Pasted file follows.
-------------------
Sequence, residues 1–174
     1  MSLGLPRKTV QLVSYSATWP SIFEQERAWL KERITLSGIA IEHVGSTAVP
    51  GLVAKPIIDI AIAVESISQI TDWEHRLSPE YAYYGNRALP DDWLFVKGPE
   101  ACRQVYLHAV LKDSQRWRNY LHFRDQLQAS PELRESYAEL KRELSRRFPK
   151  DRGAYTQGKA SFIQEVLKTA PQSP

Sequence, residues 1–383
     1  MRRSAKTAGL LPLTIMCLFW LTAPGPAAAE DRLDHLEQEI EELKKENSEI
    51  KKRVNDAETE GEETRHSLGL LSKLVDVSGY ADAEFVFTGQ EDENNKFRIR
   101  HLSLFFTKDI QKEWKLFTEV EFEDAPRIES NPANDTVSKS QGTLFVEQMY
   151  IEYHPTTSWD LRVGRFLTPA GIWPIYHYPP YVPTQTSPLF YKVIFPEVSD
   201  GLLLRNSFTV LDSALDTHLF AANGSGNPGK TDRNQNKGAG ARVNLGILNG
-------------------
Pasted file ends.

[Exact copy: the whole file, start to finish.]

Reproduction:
Sequence, residues 1–174
     1  MSLGLPRKTV QLVSYSATWP SIFEQERAWL KERITLSGIA IEHVGSTAVP
    51  GLVAKPIIDI AIAVESISQI TDWEHRLSPE YAYYGNRALP DDWLFVKGPE
   101  ACRQVYLHAV LKDSQRWRNY LHFRDQLQAS PELRESYAEL KRELSRRFPK
   151  DRGAYTQGKA SFIQEVLKTA PQSP

Sequence, residues 1–383
     1  MRRSAKTAGL LPLTIMCLFW LTAPGPAAAE DRLDHLEQEI EELKKENSEI
    51  KKRVNDAETE GEETRHSLGL LSKLVDVSGY ADAEFVFTGQ EDENNKFRIR
   101  HLSLFFTKDI QKEWKLFTEV EFEDAPRIES NPANDTVSKS QGTLFVEQMY
   151  IEYHPTTSWD LRVGRFLTPA GIWPIYHYPP YVPTQTSPLF YKVIFPEVSD
   201  GLLLRNSFTV LDSALDTHLF AANGSGNPGK TDRNQNKGAG ARVNLGILNG